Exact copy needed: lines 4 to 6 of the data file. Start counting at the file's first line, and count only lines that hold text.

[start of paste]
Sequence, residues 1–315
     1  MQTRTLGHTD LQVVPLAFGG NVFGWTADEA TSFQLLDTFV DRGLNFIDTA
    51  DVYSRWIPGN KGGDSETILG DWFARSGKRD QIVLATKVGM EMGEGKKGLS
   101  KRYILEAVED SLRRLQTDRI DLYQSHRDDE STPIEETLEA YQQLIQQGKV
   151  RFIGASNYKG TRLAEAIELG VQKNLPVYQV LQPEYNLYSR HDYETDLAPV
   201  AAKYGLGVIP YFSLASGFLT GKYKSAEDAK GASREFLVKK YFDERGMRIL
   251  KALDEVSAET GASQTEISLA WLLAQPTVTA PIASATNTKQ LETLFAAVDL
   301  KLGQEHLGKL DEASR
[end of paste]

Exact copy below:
   101  KRYILEAVED SLRRLQTDRI DLYQSHRDDE STPIEETLEA YQQLIQQGKV
   151  RFIGASNYKG TRLAEAIELG VQKNLPVYQV LQPEYNLYSR HDYETDLAPV
   201  AAKYGLGVIP YFSLASGFLT GKYKSAEDAK GASREFLVKK YFDERGMRIL